Intakes and food sources of dietary protein among New Zealand adolescents
Background: Adolescence is a nutritionally vulnerable period, characterised by rapid growth and development as an individual transitions from childhood to adulthood. Protein is necessary to support these rapid changes and is paramount to supporting immunity, bone health and hormone production. There is limited up-to-date data on the protein intakes among New Zealand (NZ) adolescents, as the last assessment was conducted over a decade ago. Objective: To assess the protein intakes and main food sources of protein among New Zealand adolescents aged 15-18 years. Furthermore, the present study aimed to compare intakes, sources and the prevalence of inadequacy between males and females. Design: The present thesis is part of a wider population-based cross-sectional study, the Survey of Nutrition, Dietary Assessment and Lifestyle, which was conducted over an 18-month period in NZ adolescents, aged 15-18 years. A convenience sample of adolescents, clustered by high schools were the study participants. Measurements were taken over three phases from February 2019 to April 2020. Two 24-hour diet recalls, taken on non-consecutive days, were undertaken to assess the protein intakes of adolescents using the ‘multiple pass method’. Participants also completed online questionnaires on demographics and dietary habits. Usual average protein intake was estimated using the multiple source method in absolute terms, as a percentage of total energy and per gram per kilogram of bodyweight. The Estimated Average Requirement (EAR) cut off method was used to determine the prevalence of inadequacy among adolescents. Body mass index (BMI) z-scores were calculated using standardised height and weight measurements. Results: The population comprised 66% females (n=266) and 34% males (n=135). Mean usual dietary protein intakes were significantly higher among males compared with females (109.5 g/day (95% CI: 104.1, 114.9) and 1.63 g/kg (95% CI: 1.54, 1.73) vs 73.0 g/day (95% CI: 70.6, 75.3) and 1.14 g/kg (95% CI: 1.09, 1.18)). The prevalence of inadequacy among females was low (0.3%) in absolute terms (g/day), although increased to 6.3% when body weight is accounted for (g/kg). Females who were Māori, resided in areas of high deprivation or were obese had the highest rates of inadequacy, while no male had inadequate mean protein intake. Contribution of protein to total energy was statistically 18% higher among males compared with females (18.6% total energy (TE) (95% CI: 18.1, 19.2) vs 15.4% TE (95% CI: 15.1, 15.7). Notably, mean contributions to total energy sit towards the lower end of the Acceptable Macronutrient Distribution Range (AMDR). A concerning 47.7% of females had intakes below the AMDR (15- 25% TE) while only 13.7% of males were below this limit. Main food sources for adolescents were similar between sexes, with poultry (12.8%), grains and pasta (10.0%), and bread (9.4%) contributing the main sources of protein. Conclusion: Protein intakes among the adolescent population in New Zealand are mostly sufficient to meet their physiological needs, and the prevalence of inadequacy appears to be low. Males consistently consume more dietary protein than females. In turn, females living in highly deprived areas or of Māori ethnicity are at higher risk of protein inadequacy. Increasing intakes to sit within the AMDR is an avenue in which adolescent health can be optimised on a population level by ensuring a balanced diet. Protein quality and the amino acid composition of foods should be assessed in future analyses to determine the contribution of protein-rich foods to overall diet quality. Larger, nationally representative studies are required to support the present findings.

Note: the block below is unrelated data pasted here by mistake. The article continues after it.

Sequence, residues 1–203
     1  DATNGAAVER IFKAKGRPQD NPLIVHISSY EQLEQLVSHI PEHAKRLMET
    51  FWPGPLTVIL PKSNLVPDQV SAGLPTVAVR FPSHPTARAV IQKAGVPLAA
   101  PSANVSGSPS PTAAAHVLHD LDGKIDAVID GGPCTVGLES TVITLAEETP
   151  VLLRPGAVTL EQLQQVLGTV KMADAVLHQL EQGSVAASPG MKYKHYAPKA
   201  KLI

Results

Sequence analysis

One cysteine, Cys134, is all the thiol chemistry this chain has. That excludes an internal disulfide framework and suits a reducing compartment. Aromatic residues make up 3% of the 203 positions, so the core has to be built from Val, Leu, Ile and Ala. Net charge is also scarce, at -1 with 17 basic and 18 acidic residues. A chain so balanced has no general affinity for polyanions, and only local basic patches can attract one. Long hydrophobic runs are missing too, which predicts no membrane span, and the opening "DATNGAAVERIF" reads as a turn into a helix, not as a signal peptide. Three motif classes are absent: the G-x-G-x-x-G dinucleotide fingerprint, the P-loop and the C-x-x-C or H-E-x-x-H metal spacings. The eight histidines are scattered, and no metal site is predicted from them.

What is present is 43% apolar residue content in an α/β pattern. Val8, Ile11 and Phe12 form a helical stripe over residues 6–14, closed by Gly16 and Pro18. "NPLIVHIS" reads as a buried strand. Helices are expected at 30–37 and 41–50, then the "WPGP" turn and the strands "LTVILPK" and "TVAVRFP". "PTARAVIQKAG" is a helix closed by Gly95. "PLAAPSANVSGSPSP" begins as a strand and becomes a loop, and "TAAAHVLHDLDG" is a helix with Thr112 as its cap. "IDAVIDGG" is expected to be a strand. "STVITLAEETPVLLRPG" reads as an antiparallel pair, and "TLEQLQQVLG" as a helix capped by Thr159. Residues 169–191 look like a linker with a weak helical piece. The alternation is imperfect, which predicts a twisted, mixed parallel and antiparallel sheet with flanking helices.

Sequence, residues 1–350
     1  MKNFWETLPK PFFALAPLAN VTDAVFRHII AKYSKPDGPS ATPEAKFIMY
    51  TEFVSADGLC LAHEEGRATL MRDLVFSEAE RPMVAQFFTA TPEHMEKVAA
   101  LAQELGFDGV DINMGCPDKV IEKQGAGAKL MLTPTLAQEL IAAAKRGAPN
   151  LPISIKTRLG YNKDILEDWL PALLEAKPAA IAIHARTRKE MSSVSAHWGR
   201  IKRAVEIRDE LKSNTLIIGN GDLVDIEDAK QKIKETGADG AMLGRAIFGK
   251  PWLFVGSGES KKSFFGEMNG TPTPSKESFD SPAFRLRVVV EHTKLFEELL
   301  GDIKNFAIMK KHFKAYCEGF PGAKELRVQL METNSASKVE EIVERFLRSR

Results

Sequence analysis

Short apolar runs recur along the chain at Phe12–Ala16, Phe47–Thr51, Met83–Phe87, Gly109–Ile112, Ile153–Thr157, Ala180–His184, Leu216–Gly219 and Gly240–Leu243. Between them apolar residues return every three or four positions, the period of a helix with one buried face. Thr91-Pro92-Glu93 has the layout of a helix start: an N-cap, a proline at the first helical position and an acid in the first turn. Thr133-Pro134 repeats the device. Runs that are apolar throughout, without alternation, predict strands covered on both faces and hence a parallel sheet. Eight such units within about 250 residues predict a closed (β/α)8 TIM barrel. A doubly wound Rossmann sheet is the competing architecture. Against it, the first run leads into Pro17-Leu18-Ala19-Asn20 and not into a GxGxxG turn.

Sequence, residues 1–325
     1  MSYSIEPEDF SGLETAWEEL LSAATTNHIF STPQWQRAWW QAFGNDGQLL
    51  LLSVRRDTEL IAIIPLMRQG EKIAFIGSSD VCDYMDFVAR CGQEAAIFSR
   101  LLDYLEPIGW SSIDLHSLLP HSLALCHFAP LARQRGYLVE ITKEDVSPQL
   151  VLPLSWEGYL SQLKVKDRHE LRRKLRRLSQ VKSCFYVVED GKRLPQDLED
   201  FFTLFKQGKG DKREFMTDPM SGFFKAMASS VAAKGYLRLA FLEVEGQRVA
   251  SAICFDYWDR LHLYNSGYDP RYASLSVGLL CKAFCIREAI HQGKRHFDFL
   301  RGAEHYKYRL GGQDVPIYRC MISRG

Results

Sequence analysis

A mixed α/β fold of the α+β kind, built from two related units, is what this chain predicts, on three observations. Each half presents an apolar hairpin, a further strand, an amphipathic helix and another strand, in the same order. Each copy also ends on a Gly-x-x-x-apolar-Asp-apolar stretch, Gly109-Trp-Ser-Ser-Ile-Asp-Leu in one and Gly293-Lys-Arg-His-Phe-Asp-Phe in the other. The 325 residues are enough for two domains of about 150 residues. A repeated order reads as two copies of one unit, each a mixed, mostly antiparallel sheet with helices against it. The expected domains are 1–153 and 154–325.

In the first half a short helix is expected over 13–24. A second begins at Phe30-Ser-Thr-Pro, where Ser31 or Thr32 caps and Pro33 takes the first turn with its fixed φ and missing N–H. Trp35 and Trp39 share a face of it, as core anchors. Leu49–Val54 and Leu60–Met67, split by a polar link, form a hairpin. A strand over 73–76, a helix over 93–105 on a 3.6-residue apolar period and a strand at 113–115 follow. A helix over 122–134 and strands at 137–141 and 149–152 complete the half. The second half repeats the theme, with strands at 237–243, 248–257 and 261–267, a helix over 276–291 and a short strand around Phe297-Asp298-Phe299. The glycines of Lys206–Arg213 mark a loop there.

Advisor: Brown, Rachel
Degree Name: Master of Dietetics
Degree Discipline: Human Nutrition
Publisher: University of Otago
Keywords: SuNDiAL; adolescents; adolescence; protein; intakes; NewZealand; dietary; food; sources
Research Type: Thesis